Columbus creates legal-defense fund for immigrants
COLUMBUS, Ohio (AP) — Ohio’s capital city is setting aside money to support legal help for immigrants facing deportation.
Columbus City Council voted Monday to provide $185,000 for three groups that will help immigrants and their families. The Columbus Dispatch reports that a national nonprofit policy organization, the Vera Institute of Justice, will provide $100,000 more.
Councilwoman Elizabeth Brown has been pushing for the funding this year.
The nonprofit Advocates for Basic Legal Equality Inc. will receive the biggest share, over $157,000. Brown says it will be used to educate detained immigrants on their rights and to represent people from Columbus facing deportation.
Brown says the Council on American-Islamic Relations and Catholic Social Services’ Our Lady of Guadalupe Center will gets smaller grants supporting efforts to educate immigrants about their rights and responsibilities.
Toledo suing drugmakers over opioids
TOLEDO, Ohio (AP) — Ohio’s fourth-largest city is joining several cities and counties around the state by filing its own lawsuit against prescription drugmakers and distributors.
Toledo Mayor Paula Hicks-Hudson said Monday that drug companies need to be held accountable for their role in the opioid abuse crisis.
The lawsuits being filed by Toledo and other places accuse the drug companies of intentionally misleading the public about the dangers of opioids.
The companies have denied wrongdoing in response to similar lawsuits filed around the country.
Toledo’s mayor says the city has spent more than $400,000 for firefighters to respond to opioid-related emergency calls this year.
Feds indict ex-air base employee
DAYTON, Ohio (AP) — A former Ohio air base employee has been indicted on federal charges alleging he had an unregistered firearm silencer and a stolen missile warning system that is used on aircraft.
The Dayton Daily News reports the charges against Joel Montgomery are tied to search warrants from 2015, after he was terminated from Wright-Patterson Air Force Base.
The jailed 48-year-old man pleaded not guilty. His attorney, Cheryll Bennett, says he denies allegations in the indictment.
The newspaper reports Montgomery’s Spring Valley home was raided again Oct. 19, after an informant told the Bureau of Alcohol, Tobacco and Firearms that Montgomery had hundreds of weapons and bomb-making materials and that his drinking was of concern.
A defense attorney argued in court that many of the items found at his home are legal.
Teen’s bond posted using insurance payment
HAMILTON, Ohio (AP) — An Ohio teenager accused of fatally shooting her father is free on bond that was posted using his life insurance payment.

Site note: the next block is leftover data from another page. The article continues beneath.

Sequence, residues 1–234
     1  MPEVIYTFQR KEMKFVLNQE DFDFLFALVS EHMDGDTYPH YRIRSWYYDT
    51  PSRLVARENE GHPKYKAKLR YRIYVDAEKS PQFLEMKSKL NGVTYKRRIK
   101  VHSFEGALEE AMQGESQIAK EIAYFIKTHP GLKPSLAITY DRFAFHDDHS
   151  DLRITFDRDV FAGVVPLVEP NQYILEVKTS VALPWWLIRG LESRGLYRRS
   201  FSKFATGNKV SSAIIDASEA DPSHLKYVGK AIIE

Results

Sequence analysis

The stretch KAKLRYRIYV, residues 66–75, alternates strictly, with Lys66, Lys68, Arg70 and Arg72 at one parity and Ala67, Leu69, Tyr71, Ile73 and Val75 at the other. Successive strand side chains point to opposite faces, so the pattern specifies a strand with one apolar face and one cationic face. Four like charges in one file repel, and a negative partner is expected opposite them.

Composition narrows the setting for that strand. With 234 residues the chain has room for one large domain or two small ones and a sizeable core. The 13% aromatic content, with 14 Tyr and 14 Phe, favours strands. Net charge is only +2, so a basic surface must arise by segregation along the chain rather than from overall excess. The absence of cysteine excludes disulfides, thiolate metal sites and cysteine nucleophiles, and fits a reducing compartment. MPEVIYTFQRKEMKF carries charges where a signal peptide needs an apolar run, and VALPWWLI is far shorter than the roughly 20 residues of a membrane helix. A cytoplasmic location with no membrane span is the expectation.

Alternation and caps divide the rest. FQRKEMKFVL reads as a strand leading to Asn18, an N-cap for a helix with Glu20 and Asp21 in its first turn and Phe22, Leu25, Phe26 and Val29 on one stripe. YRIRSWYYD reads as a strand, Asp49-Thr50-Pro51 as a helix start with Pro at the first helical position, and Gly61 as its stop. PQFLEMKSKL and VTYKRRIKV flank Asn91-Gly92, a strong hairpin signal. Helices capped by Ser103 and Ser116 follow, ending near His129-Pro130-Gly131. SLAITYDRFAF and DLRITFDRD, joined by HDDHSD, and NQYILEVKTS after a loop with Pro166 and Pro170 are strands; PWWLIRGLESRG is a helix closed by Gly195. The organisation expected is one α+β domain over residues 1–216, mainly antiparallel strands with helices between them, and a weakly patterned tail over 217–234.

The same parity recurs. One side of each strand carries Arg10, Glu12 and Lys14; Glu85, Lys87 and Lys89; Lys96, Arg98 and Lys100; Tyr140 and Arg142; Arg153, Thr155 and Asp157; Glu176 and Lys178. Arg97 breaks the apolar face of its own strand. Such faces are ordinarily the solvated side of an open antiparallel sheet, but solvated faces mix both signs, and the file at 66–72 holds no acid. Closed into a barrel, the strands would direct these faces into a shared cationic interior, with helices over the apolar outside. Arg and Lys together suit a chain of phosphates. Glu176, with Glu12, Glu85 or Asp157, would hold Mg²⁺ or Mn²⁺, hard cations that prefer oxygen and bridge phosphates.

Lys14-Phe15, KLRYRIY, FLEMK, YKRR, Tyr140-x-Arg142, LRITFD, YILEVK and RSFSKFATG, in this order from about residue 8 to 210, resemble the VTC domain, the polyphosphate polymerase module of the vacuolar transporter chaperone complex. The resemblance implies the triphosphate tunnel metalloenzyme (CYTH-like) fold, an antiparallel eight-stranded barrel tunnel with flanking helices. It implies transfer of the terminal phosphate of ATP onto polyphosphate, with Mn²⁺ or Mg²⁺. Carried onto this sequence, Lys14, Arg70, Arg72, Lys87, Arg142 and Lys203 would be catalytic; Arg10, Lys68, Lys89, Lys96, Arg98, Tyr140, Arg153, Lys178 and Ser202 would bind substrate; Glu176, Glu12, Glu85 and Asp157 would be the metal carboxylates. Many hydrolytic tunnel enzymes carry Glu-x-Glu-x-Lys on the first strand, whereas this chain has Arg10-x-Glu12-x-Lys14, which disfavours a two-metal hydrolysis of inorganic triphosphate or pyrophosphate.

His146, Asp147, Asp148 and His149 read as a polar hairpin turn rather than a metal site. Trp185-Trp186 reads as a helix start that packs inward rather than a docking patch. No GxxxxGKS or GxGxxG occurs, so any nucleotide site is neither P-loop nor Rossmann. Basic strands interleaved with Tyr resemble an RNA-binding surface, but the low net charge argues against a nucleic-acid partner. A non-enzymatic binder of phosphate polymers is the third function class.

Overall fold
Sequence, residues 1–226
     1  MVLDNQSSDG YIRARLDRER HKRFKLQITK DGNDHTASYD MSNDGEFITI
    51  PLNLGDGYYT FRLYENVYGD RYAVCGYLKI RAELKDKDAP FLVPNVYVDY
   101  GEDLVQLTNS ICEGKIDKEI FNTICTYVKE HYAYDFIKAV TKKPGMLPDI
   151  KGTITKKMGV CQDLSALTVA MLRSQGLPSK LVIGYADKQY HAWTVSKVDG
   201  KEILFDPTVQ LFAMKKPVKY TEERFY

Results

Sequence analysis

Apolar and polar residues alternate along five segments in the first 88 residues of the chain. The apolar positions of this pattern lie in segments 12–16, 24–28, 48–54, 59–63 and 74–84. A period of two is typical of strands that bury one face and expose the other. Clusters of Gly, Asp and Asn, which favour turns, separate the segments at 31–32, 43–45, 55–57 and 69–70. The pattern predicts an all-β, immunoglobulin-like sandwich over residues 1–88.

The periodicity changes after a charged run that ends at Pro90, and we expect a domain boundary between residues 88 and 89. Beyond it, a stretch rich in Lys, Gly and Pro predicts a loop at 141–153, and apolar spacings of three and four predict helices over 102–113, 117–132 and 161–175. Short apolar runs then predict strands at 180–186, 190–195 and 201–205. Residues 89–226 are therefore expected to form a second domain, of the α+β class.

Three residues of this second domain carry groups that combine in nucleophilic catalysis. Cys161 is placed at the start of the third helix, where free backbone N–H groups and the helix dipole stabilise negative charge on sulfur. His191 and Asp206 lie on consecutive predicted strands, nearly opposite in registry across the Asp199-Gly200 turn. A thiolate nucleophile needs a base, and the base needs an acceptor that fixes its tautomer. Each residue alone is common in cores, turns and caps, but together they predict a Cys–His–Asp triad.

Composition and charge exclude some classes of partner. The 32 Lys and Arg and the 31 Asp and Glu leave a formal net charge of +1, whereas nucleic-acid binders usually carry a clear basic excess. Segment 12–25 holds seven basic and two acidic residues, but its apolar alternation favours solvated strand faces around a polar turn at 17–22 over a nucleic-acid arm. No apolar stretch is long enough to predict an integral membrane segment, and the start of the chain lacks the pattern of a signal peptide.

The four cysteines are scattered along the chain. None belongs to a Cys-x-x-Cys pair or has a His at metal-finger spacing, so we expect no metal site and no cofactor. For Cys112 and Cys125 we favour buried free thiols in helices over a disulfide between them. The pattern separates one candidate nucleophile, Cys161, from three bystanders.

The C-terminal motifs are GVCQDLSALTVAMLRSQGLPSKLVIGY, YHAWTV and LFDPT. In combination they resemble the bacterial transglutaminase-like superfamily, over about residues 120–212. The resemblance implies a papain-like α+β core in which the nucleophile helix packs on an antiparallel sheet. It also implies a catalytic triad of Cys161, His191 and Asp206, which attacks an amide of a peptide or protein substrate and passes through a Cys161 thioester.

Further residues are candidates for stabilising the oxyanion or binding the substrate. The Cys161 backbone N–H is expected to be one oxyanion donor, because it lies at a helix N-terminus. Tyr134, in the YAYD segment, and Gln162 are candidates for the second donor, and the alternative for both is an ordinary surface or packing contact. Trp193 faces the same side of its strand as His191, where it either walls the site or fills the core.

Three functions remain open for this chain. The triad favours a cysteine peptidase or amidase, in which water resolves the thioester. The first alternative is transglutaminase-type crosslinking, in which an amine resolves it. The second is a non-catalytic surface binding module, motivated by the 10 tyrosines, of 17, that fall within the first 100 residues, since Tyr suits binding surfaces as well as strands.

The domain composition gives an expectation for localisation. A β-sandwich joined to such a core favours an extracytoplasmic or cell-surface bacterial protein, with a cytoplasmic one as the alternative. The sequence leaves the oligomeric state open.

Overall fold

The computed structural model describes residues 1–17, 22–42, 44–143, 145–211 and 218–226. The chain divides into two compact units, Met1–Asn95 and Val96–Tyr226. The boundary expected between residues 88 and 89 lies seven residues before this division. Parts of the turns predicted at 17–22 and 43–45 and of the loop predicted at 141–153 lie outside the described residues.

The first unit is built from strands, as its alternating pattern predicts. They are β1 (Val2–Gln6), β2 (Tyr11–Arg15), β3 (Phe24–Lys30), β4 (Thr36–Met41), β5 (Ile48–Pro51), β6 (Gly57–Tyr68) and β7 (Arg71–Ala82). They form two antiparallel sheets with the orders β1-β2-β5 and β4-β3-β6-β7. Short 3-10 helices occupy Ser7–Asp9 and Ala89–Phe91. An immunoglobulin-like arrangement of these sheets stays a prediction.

Police say the then-14-year-old girl shot 71-year-old James Ponder in the head at their Hamilton home in February and called 911 to report it. A judge has kept the aggravated murder case in juvenile court.
The Hamilton-Middletown Journal-News reports an affidavit filed in court shows Ponder’s wife received $250,000 in life insurance benefits and used $30,000 to post the teen’s bond last month. The affidavit says those benefits also are paying for the girl’s legal defense.
The teen was put on electronic monitoring at her grandmother’s home.
Authorities haven’t said why she shot her father.
The Associated Press generally doesn’t name juveniles charged with crimes.
Man gets 30 years for child’s beating death
CANTON, Ohio (AP) — An Ohio man convicted of murder in the beating death of his girlfriend’s 3-year-old son has been sentenced to 30 years in prison.
The Repository reports a judge sentenced 27-year-old Brent Fields to a 30-years-to-life term Monday while criticizing his “total indifference” to the boy’s death.
A jury deliberated for two hours last week before finding Fields guilty in Owen Buggey’s death last October. A medical examiner had ruled the boy died from septic shock caused by blunt force trauma to the abdomen.
Fields often cared for Owen and his four siblings at his girlfriend’s house in Canton. The woman, Ruth Buggey, has pleaded guilty to complicity to child endangering and obstruction of justice for lying about what happened to Owen.
Inmate serving time for murder granted parole
COLUMBUS, Ohio (AP) — A man who has served nearly three decades in prison for a 1988 murder will be granted parole over the objections of two men who say he’s responsible for them being wrongfully imprisoned in the case.
The Akron Beacon Journal reports the Ohio Parole Board heard those arguments before deciding that 50-year-old Troy Busta will be released from custody April 1.
Busta was convicted of killing Connie Nardi, of Randolph Township. Nardi’s mother and Portage County prosecutors supported Busta’s latest bid for parole.
It was opposed by Bob Gondor and Randy Resh, who were convicted in 1990 after Busta implicated them as accomplices. They were freed in 2007 and argued that Busta hasn’t accepted full responsibility for the slaying.
Busta’s attorney thanked the board and declined to comment further.
Pro Football HOF offers veterans free admission
CANTON, Ohio (AP) — The Pro Football Hall of Fame says veterans and active military members will receive free admission to its museum in Ohio during November as part of an effort to honor the military.
The offer comes amid debate over NFL players kneeling during the national anthem to protest social injustices, particularly against African-Americans.
The hall in Canton says the offer of free admission for each veteran plus one guest is funded through support from The Goodyear Tire and Rubber Company, based in nearby Akron.
The hall says the free admission special is in line with its mission of promoting the game’s values.
Its Veterans Day event on Saturday includes a special exhibit to profile the military and football careers of several athletes.
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